Sierra Club v. Flowers

Decision Date04 August 2003
Docket NumberCivil Action No. 02-1652 (RMU).
Citation276 F.Supp.2d 62
PartiesSIERRA CLUB, et al., Plaintiffs, v. Robert B. FLOWERS, Chief of Engineers, Army Corps of Engineers, et al., Defendants.
CourtU.S. District Court — District of Columbia

Jonathan Russell Lovvorn, Meyer & Glitzenstein, Washington, DC, for Plaintiffs.

Mark A. Brown, U.S. Department of Justice, Wildlife & Marine Rescue, Washington, DC, Rafe Petersen, Holland & Knight, L.L.P., George J Terwilliger, White & Case, L.L.P., Washington, DC, for Federal Defendants/Movants.

MEMORANDUM OPINION

URBINA, District Judge.

TRANSFERRING THE ACTION TO THE SOUTHERN DISTRICT OF FLORIDA
I. INTRODUCTION

This matter is before the court on the defendants' motion to transfer venue to the Southern District of Florida. The plaintiffs are the Sierra Club, the Natural Resources Defense Council, and the National Parks Conservation Association. They bring suit against the Army Corps of Engineers ("the Corps") and the Fish and Wildlife Service ("the Service") (collectively, "the defendants") for allegedly violating several federal environmental statutes by issuing mining permits for certain Everglades wetlands in southern Florida. The plaintiffs seek declaratory and injunctive relief setting aside the Corps' decision to issue the permits and enjoining the Corps from authorizing further mining until the defendants meet the relevant statutory requirements. In response, the defendants filed an answer and a motion to transfer the action to the Southern District of Florida. Because the plaintiffs could have brought this action in the Southern District of Florida, and considerations of convenience and the interest of justice weigh in favor of transferring the action to that district, the court grants the defendants' motion.

II. BACKGROUND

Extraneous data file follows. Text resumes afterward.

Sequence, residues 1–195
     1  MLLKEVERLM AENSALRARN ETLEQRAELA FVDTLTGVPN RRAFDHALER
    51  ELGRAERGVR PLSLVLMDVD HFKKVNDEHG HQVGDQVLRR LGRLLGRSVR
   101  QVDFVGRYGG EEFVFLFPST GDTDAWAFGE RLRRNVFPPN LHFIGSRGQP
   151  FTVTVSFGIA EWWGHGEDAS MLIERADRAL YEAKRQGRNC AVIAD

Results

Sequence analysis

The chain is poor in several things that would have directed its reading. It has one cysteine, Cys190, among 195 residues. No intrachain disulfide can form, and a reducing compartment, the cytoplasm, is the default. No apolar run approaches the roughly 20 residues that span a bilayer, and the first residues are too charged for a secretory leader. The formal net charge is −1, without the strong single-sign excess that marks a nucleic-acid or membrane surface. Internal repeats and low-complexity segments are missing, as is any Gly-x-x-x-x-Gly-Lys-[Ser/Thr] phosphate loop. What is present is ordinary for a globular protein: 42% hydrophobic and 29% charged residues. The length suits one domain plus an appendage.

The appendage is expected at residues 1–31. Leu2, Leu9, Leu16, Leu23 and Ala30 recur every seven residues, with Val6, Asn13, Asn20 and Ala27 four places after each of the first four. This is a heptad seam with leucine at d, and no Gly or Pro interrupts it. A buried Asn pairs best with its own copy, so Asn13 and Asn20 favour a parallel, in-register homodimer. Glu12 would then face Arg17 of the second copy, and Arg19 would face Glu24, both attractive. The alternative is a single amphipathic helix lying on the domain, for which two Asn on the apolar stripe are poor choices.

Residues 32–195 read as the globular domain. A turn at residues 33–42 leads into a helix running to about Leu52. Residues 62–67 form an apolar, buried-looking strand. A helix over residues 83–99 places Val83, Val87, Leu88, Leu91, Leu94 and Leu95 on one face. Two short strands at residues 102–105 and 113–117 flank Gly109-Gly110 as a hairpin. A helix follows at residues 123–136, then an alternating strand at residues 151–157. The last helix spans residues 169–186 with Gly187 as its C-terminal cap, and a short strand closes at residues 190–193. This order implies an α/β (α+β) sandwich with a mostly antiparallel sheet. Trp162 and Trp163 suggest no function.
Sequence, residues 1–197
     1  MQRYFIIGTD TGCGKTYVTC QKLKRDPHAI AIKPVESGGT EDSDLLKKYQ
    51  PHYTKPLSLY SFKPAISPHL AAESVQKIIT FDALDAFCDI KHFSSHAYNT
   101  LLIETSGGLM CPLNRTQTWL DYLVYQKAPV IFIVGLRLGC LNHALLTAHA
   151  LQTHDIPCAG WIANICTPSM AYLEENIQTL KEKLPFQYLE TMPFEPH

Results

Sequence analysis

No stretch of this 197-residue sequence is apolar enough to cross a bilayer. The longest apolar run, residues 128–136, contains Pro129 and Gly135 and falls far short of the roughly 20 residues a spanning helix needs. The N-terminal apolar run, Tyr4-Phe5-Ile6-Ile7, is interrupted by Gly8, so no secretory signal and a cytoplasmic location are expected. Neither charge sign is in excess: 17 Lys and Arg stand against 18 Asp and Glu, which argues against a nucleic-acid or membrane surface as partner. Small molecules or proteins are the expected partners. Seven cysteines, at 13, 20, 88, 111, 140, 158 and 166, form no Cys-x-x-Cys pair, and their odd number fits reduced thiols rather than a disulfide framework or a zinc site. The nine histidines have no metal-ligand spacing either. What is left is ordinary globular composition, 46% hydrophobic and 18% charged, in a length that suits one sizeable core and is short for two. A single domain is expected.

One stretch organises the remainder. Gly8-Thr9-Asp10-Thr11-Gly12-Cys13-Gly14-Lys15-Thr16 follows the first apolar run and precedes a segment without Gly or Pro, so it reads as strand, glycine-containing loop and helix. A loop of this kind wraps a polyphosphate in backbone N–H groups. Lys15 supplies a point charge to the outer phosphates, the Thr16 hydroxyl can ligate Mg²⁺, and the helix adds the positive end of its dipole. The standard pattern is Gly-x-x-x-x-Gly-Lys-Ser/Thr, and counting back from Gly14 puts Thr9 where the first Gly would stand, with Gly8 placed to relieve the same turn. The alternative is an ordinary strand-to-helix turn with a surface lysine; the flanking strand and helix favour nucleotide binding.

A. Factual Background

According to the plaintiffs, Florida contains some of the most imperilled ecosystems in the United States. Compl. ¶ 44. The Everglades ecosystem, which spans the southern tip of Florida and most of Florida Bay, is home to a large number of rare species of wildlife, including wading birds such as the endangered wood stork. Id. ¶ 46. Over the past 100 years, however, the Everglades ecosystem has suffered as a result of human development. Id. ¶ 47.

In 2000, the president signed legislation authorizing the Corps to initiate a Comprehensive Everglades Restoration Plan ("CERP") for the South Florida ecosystem. Id. ¶ 50. The South Florida ecosystem includes the Lake Belt area, a 60,000-acre area of short hydro-period wetlands, portions of which are adjacent to the Everglades National Park. Id. ¶¶ 49, 51; Defs.' Mot. to Transfer ("Defs.' Mot.") at 3; Answer ¶ 49. The Corps designed the CERP to restore and protect the water resources of central and southern Florida by, among other things, improving the quality of water discharged into the system and by removing internal levees and other manmade structures. Compl. ¶¶ 50-51; Defs.' Mot. at 3. The restoration activities of the CERP include the creation of the Lake Belt Storage Area, which will use reservoirs to store untreated water to restore the hydrology of the Everglades National Park. Compl. ¶ 52.